Vintage Gretsch Guitars

R.I.P. Bill Hagner of Gretsch


This straddles both vintage and modern categories but probably deserves its place here.

An extraordinary career with Gretsch, nicely acknowledged.

H/t Eddie Pennington for his FB post.


A very nice tribute. Such loyalty and dedication is a rarity today.


RIP Mr. Wagner. Thank you for posting this.


I had the wonderful pleasure of having several telephone conversations with Bill Hagner in the late 1980's and early 1990's about Gretsch guitars. The second conversation is the one I remember most because practically the first words out of his mouth were that he had misplaced my telephone number and was so so sorry he did. He then proceeded to tell me why he was so so sorry: It seems he had gotten a telephone call from a woman in Indiana who ran a boarding house. That woman had forgotten that she had placed in her attic nearly 30 years before a guitar that a tenant of hers had left in lieu of payment of rent. Bill was so so sorry and I turned out to be so so sorry because the guitar was a BRAND NEW 1962 Country Gentleman that had never even been played, even complete with the plastic bag emblazoned with the Gretsch log similar to a dry cleaner's plastic bag which Gretsch, at that time used to enclose the guitar case so it couldn't be dinged. The woman, it turns out, sold the brand new Gent to a dealer who promptly resold the guitar to a buyer in Japan All I can say is boo hoo, boo hoo at the lost opportunity of owning a new 1962 Gent


58 years! Heck of a legacy! RIP, Bill.


Very nice piece, and an important summary of a crucial link the the Gretsch chain. Bill was obviously one of those kinds of guys who make things work behind the scene, indispensable both as company glue and as a repository and conduit for what we now call "corporate culture" - ie, those things that give history, continuity, and identifiable character to a company's work.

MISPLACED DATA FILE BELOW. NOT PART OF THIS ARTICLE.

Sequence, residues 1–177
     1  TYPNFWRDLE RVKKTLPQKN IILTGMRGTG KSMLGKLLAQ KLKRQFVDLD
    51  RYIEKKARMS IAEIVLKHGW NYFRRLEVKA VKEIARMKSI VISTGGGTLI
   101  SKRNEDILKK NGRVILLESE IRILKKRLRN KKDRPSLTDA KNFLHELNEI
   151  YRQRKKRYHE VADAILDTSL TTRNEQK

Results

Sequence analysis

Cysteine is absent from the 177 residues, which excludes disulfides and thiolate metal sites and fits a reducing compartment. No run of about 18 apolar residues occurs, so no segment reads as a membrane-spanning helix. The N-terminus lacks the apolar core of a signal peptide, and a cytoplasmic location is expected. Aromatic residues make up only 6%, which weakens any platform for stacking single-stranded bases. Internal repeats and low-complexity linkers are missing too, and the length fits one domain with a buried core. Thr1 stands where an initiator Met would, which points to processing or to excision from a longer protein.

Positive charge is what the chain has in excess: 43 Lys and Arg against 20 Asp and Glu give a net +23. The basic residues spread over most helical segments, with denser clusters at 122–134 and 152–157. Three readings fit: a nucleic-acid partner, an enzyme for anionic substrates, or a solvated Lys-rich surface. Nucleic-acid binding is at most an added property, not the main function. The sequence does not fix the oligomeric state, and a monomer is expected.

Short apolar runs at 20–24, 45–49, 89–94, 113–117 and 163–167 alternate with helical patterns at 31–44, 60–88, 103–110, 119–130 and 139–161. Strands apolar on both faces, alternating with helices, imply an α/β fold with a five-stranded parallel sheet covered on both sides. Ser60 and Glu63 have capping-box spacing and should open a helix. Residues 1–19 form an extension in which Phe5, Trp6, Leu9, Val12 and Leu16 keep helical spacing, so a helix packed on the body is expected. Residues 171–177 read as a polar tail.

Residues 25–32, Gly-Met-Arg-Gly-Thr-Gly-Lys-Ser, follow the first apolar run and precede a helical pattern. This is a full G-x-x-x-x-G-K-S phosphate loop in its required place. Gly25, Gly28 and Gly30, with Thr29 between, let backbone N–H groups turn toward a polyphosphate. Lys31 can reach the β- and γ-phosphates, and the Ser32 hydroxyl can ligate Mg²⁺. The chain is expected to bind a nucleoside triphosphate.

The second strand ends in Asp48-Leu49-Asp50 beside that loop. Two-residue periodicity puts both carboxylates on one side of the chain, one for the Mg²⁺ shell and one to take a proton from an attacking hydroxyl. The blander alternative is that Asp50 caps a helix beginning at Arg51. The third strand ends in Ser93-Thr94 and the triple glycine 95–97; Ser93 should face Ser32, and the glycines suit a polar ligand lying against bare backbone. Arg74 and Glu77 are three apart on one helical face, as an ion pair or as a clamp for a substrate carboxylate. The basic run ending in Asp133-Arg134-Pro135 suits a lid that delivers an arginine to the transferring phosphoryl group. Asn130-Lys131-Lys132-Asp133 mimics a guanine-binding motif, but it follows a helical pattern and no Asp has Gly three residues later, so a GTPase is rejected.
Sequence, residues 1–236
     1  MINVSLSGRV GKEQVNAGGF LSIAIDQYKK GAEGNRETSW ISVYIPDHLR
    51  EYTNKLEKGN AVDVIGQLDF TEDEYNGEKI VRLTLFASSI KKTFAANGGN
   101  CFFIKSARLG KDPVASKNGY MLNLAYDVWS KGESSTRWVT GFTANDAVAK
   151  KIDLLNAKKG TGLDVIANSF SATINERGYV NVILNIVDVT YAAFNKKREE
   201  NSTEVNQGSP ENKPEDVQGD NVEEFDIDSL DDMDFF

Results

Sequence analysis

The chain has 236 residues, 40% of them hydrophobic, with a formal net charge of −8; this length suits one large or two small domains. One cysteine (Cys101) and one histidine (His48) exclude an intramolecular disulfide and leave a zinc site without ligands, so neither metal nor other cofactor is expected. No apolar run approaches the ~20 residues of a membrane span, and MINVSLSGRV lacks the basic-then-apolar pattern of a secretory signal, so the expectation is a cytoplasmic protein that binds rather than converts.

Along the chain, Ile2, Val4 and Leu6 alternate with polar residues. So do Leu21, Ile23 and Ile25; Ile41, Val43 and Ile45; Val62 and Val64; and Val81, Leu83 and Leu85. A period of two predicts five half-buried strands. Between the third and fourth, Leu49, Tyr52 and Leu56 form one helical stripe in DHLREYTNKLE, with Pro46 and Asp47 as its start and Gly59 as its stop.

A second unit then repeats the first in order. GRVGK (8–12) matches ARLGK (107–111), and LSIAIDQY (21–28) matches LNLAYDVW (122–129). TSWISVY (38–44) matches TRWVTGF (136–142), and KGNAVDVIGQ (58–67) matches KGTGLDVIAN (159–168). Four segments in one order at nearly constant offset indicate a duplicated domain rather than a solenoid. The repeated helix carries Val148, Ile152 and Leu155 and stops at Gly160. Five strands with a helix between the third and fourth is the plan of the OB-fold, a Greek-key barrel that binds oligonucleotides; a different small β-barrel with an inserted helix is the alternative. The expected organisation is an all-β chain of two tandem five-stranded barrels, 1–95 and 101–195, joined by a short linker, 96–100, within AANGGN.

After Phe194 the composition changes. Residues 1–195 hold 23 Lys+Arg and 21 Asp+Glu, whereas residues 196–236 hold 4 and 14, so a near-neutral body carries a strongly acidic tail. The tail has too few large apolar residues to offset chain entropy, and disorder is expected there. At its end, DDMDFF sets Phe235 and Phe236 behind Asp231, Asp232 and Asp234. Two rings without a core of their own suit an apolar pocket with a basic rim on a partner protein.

Terrific article about a true legend. He had one hell of a run.


After the second fire at the Booneville facilities in -- if my memory serves me correctly -- late 1974, Baldwin Piano, in the throws of a financial meltdown due to its involvement in the insurance industry which ultimately led to its bankruptcy, decided to pull the plug on Gretsch guitars because they simply had no working capital to put into guitar making. Bill Hagner obtained a $500,000 loan from Fred Gretsch, Jr. and set up Hagner Musical Instrument Company, Inc. which took over the manufacturing of Gretsch guitars from Baldwin while Baldwin handled the marketing and distribution of the guitars. This continued for several years until Baldwin once again asserted direct control over the manufacturing circa 1979. At that time, Gretsch was making the best guitars it had been making since the early early 1950's and for the first time in many years was actually profitable because sales were north of 5000 guitars per year which was the minimum necessary to become and remain profitable. Then in 1980, Baldwin really melted down, ran out of working capital, and therefore closed down U.S. production in January of 1981


Thanks for including that, ewkewk. Wasn't Duke Kramer a partner in Hagner Musical Instruments as well? There was also no mention of the several Gretsch parts guitars Bill had assembled under the "Hagner" name. I've been intrigued with the lost story of those guitars ever since working on one back circa 1988.


duojet55, as far as I know, Duke Kramer wasn't one of the owners of Hagner Musical Instrument Company. He could have been, though. I do know it's less likely Duke Kramer was one of the owners because Duke Kramer worked directly for Baldwin at the time out of their Cincinatti headquarters. I also know that Bill Hagner was not particularly fond of Duke Kramer so that again makes it less likely they were business partners


Duke sure ended up with tons of old Gretsch parts. I wish I'd bought a bunch of those original molded pickguard blanks from him back then.

I did buy one of the Baldwin-era Gretsch ring binders for my catalog collection which has Bill Hagner's name written on the inside cover. I'd been wondering if it was his personal binder? Would be cool if it was!


I wish that Gretsch Lost Weekend site had some info -- still, the 70s were an interesting time for Gretsch. I SAY long live the TK-300, Committee, and BST - -and I am not being snarky on this. Some 70s Annies are killer and quite a bargain now

Register Sign in to join the conversation